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Breeding Birds of the Platte River Valley

The Physical Setting


The climate of central Nebraska is continental, characterized by hot summers, cold winters, and irregular precipitation. Precipitation is seasonal, occurring mainly between May and September. At North Platte, the climate is semiarid, with annual precipitation averaging 450 mm (Stevens 1978). Near Grand Island, the climate is semihumid, with average precipitation of 570 mm (Stevens 1978).


The Platte River Valley is underlain with Quaternary alluvium made up of clay, gravel, sand, and silt (Bose 1977, Huss 1981). Interfingering beds of clay, gravel, sand, sandstone, and silt lie beneath the alluvium. The Ogallala Formation, highly porous and permeable Tertiary sediments, acts as a water reservoir known as the Ogallala Aquifer beneath a large portion of the Great Plains.

Near Grand Island, alluvial sediments of the Platte River are deposited in a series of troughs cut into the underlying Ogallala, Niobrara, and Pierre Formations (Hurr 1978). The Niobrara and Pierre Formations consist of chalk, limestone, and marine shales. Above this layer lies a shallow alluvial aquifer that occurs beneath the Platte River throughout central Nebraska (Hurr 1978).


Alluvial bottomlands, river terraces, and gently rolling bluffs along the river escarpment are the dominant physiographic features of the Platte River Valley (Fig. 2). The bottomlands are flat and extend for 24 km in some places. The rich prairie soils of the valley are the basis for the productive row-crop agriculture that dominates the landscape today. Bluffs along the river escarpment are overlain with loess deposits and dissected by natural ravines that drain uplands. There is a gradual rise in elevation to the west throughout the valley, from 540 m near Chapman to 1070 m near Lewellen. The mean rise in the river bed from east to west is about 1.2 m per kilometer.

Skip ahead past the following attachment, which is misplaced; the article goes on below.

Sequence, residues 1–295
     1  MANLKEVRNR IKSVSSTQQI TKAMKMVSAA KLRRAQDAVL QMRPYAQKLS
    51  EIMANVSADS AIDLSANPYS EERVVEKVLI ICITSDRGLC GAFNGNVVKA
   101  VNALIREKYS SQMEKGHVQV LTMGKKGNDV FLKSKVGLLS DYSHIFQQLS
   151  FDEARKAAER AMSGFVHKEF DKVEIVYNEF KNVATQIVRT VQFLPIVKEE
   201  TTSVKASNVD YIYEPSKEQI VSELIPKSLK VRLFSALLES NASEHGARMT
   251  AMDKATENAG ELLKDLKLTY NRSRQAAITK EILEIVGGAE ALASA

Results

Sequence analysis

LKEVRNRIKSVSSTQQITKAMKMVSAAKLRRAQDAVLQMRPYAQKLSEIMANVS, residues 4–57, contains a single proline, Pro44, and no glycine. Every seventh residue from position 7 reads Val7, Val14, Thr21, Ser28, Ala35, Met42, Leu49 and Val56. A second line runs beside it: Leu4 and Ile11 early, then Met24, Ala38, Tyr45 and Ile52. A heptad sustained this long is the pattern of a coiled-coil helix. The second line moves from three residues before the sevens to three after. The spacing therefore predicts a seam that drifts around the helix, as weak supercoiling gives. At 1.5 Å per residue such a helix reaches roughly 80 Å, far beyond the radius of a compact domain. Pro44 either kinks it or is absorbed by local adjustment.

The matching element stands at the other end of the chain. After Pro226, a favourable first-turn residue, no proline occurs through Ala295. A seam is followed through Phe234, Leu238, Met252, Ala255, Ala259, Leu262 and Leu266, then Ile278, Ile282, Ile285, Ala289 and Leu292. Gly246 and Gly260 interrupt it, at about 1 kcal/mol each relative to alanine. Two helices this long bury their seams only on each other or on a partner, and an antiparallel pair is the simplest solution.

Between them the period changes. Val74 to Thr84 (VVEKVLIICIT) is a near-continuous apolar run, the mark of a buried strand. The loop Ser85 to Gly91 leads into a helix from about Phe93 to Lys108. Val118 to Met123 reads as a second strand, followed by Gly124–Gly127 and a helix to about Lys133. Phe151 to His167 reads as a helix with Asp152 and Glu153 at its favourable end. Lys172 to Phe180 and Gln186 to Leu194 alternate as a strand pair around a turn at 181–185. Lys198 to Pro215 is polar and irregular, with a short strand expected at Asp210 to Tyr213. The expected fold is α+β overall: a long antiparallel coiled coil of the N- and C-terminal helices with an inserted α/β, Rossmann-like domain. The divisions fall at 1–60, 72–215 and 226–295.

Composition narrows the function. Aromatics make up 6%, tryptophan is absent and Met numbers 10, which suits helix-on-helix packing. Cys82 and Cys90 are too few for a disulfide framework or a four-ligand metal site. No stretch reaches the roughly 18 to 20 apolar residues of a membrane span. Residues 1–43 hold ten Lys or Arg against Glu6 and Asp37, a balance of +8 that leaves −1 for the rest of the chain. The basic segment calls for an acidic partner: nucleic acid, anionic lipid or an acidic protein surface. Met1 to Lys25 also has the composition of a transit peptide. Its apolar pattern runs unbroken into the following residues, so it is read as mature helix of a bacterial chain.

The North Platte and South Platte rivers originate as snowmelt runoff streams in the Rocky Mountains of Colorado. The North Platte River flows northward from Colorado into east-central Wyoming and then flows southeast to its confluence with the South Platte River. The South Platte River flows northward through Denver to Greeley, Colorado, and then northeastward to its confluence with the North Platte River near North Platte Nebraska. From this junction, the Platte River flows east across Nebraska to the Missouri River at Plattsmouth, Nebraska. Precipitation in the Platte River basin contributes to the flow in the river, but most of the flow is derived from spring snowmelt in the Rocky Mountains (Eschner et al. 1981).

The pattern of streamflow in the Platte River has been substantially altered by the diversion and storage of water, primarily for use in irrigation and power generation (Fig. 3). Before settlement, the river was characterized by high spring flows and relatively low mid-summer flows (Eschner et al. 1981). Reservoirs in Wyoming, Colorado, and Nebraska have resulted in a reduction in peak flows and mean annual discharge in the North Platte and Platte rivers (Currier et al. 1985). Since 1915, peak flows have declined from a mean of 550 cubic meters per second to 150 cubic meters per second at Overton (Williams 1978). Corresponding to this decline in mean annual discharge has been a reduction in the width of the Platte River channel. Today, the river channel is 10 to 70 percent of its width at the time of settlement in the 1860's (Williams 1978). Lake McConaughy and Tri-county supply canal are the principal impoundment and diversion structures affecting instream flows in the Platte River.

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